<Review by: Sailesh Ghelani>
Directed by Michael Apted, Curtis Hanson. Starring Jonny Weston, Gerard Butler, Elisabeth Shue, Abigail Spencer, Leven Rambin
‘Based on a true story’ doesn’t impress us much nowadays. Chasing Mavericks is a lengthy coming-of-age story that is replete with cliché and formula that just drag on till a climax with not much payoff.
Based on champion surfer Jay Moriarty’s real life glory and tragedy, Johnny Weston plays the 16-year-old maverick master who has grown up with a love for dropping 4 story-tall waves. His good neighbour Frosty (Gerard Butler) is a surfing guru and little Jay wants to be his apprentice. You’ve seen it all before. At first Frosty is reluctant but after a bit of convincing from his wife (Abigail Spencer) to take interest in the fatherless boy, he decides to take him on. Ho-hum.
On from there and lots of teenage angst, both from Jay and Frosty as their relationship builds and so does Jay’s character and happy, bubbly personality. This is no Karate Kid folks. Gerard Butler does a lousy job here with an even lousier script. Jonny Weston is exceedingly saccharine and his curly blonde hair, innocent smile and doe eyes get a bit irritating after a while. A best friend, a bully and a girl are thrown in for good measure. The girl Kim, played by Leven Rambin (looks a lot like a young Robin Wright), is Jay’s childhood sweetheart but struggles with ‘complicated’ issues: ‘I know you are the one’. That’s it. So what’s the issue?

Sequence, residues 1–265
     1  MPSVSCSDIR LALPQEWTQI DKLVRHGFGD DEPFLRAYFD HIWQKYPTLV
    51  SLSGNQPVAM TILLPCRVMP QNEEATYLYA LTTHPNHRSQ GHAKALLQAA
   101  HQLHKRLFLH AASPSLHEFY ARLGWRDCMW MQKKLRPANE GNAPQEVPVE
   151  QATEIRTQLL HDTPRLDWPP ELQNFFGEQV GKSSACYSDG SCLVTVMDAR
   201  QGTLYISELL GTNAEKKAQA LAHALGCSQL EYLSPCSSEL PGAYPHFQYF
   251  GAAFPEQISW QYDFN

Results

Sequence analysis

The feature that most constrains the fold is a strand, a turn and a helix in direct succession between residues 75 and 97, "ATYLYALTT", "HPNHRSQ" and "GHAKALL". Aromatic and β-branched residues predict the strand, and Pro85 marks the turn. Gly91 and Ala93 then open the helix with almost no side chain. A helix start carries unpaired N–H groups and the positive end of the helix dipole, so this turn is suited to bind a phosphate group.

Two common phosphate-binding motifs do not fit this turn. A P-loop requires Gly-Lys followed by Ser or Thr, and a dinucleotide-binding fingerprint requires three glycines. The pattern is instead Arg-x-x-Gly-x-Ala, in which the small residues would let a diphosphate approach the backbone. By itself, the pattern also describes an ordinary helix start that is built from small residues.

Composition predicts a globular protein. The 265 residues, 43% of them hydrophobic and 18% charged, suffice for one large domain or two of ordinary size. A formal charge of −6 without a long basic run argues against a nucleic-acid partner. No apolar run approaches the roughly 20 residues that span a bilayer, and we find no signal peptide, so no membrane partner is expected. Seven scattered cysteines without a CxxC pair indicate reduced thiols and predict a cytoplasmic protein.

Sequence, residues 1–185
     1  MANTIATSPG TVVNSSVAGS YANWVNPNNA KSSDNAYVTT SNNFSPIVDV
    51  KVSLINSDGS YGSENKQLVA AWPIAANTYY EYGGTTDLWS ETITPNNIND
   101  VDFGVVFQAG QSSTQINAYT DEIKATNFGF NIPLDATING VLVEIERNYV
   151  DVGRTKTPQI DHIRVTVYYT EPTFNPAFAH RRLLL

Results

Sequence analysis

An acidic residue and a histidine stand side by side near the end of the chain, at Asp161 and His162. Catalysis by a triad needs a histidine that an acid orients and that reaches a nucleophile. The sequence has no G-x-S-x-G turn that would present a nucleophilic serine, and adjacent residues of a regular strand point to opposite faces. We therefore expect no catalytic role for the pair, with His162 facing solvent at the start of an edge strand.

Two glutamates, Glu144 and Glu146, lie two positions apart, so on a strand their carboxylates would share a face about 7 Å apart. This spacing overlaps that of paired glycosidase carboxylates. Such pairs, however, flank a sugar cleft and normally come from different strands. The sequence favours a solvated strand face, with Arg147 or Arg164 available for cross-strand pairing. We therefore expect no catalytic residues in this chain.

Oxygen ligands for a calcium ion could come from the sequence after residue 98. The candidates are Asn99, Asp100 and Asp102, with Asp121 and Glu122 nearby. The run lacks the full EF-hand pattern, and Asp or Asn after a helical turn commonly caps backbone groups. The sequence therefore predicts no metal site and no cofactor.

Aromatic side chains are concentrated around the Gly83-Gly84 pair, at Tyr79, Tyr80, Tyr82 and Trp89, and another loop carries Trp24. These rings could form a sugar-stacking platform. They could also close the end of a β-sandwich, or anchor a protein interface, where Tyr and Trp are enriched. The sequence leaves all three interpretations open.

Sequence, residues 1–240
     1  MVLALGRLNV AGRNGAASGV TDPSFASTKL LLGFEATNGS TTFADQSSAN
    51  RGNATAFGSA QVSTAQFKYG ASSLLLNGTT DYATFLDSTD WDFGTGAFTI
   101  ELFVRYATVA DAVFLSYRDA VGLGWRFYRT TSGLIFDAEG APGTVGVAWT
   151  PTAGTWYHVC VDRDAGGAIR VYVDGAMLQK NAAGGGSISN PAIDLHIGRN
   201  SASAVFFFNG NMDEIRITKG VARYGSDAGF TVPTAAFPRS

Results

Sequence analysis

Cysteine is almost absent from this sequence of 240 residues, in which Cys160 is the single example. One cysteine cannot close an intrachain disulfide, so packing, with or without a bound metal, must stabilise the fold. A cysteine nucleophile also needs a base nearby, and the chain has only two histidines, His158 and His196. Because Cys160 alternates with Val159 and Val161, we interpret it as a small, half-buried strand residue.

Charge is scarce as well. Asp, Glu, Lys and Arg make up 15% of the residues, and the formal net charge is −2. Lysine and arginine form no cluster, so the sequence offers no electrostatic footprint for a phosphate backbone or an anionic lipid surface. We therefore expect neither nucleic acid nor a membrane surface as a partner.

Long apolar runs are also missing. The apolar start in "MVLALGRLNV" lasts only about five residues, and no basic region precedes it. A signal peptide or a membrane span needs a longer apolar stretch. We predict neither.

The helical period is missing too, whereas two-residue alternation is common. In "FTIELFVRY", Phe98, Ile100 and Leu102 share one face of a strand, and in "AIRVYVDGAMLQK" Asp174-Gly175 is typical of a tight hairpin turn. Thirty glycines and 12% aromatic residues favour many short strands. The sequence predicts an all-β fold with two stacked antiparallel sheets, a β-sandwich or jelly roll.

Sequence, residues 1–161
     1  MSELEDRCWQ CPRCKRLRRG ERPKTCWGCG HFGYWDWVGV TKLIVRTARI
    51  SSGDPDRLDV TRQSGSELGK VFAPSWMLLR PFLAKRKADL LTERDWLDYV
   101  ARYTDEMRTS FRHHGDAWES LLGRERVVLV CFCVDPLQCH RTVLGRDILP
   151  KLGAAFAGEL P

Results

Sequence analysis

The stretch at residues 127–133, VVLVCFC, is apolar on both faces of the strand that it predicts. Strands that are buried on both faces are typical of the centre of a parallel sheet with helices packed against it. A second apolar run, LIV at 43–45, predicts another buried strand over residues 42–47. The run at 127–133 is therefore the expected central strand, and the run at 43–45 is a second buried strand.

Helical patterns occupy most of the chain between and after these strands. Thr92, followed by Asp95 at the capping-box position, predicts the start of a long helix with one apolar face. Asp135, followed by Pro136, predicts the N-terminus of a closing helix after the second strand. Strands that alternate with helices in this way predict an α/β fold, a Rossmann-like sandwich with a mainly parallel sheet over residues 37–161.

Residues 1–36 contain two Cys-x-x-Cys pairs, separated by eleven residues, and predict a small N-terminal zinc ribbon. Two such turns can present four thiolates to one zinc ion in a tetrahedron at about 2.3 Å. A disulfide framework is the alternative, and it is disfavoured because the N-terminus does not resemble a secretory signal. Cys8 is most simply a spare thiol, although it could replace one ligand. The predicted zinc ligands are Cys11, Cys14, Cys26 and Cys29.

Apparently, director Curtis Hanson fell ill during the shooting and was replaced with Michael Apted, which could explain some of the poor direction and editing. The magic of the surf and the waves never really shines through. There’s a dullness and flatness about it all perhaps to give you a sense that the film was shot in the 90s but failing to achieve any sort of inspirational look or feel. The music struggles to lift the listless visuals but nothing swells in your heart.
By the end of it all you realise that Americans just love sports where they could get killed and maimed. In fact they know they probably will but they still do it. So is that spirit or stupidity?
Only Abigail Spencer who plays Gerard Butler’s wife in the film shines through with her touching and real performance as a woman dealing with a husband who has his issues but is a good man at heart. Sadly, this movie is tragic for both the men in different ways.